Not only does the conflict, rape and killing continue in north east Congo as scattered bands of Rwandan Hutus (Federation Démocratique Liberation de Rwanda, FDLR), many of whom are former genocidaires who fled Rwanda when the Tutsi’s prevailed, there is yet another difficult if not desperate conflict being fought here every day. It is the fight to liberate the minds of men and women from old and abusive views of the status and role of women. It is the fight to emancipate women from the prison of perceptions of Congolese people that women are lesser beings, objects to be beaten if not obedient, forced into marriage at young ages, deprived of inheritance and property, and whose loss of innocence and virginity can be compensated for with a goat.
During the summer of 1965 I was a civil rights worker in Mississippi. As I reminisce about that summer, I find it helpful in my work here to compare the civil rights movement of the 60’s in the U.S. with the struggle of women to seek equality and self-fulfillment here. There are similarities and, of course, significant differences in these struggles.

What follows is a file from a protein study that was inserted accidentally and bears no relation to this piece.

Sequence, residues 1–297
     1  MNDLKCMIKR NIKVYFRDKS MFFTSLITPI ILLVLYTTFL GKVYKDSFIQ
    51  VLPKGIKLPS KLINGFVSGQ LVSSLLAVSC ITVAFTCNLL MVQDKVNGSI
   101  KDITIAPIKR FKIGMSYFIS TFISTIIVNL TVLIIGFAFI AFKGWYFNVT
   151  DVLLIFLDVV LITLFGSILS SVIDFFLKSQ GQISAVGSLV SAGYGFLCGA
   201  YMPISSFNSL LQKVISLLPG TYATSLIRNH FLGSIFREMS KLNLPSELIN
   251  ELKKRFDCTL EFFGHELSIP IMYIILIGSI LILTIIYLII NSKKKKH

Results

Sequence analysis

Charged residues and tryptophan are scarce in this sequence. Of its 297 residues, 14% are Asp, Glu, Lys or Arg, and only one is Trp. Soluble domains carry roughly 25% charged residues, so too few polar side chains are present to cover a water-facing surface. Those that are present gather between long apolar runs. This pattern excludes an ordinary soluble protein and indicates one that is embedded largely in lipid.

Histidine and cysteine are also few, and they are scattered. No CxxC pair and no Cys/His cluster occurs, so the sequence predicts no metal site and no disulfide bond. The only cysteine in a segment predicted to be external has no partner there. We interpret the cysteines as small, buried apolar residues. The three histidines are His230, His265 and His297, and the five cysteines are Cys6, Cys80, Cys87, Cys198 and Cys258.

B. Similarities between the U.S. Civil Rights Movement and Promotion of Gender Justice in the Congo.
1. Oppressed classes of persons.
a. American Blacks. Taking the Emancipation Proclamation (1862) as a starting point, over a hundred years passed from that declaration of freedom until the Civil Rights Act of 1964 and the Voting Rights Act of 1965 were enacted. During those years, Black Americans were subjected to indignities and deprivation in all aspects of life—and to name but a few, education, accommodations, voting, and justice. Such deprivation was imposed under the color of laws, designed to separate and suppress Blacks from the rest of society. During the 1960’s, the civil rights movement reached its fullest momentum. Blacks throughout the south, with assistance from their brothers and sisters throughout the nation, protested, sat in, marched, demonstrated, brought lawsuits, boycotted white businesses and eventually were able to make significant progress in achieving equal rights under the law and application of those rights in day to day life.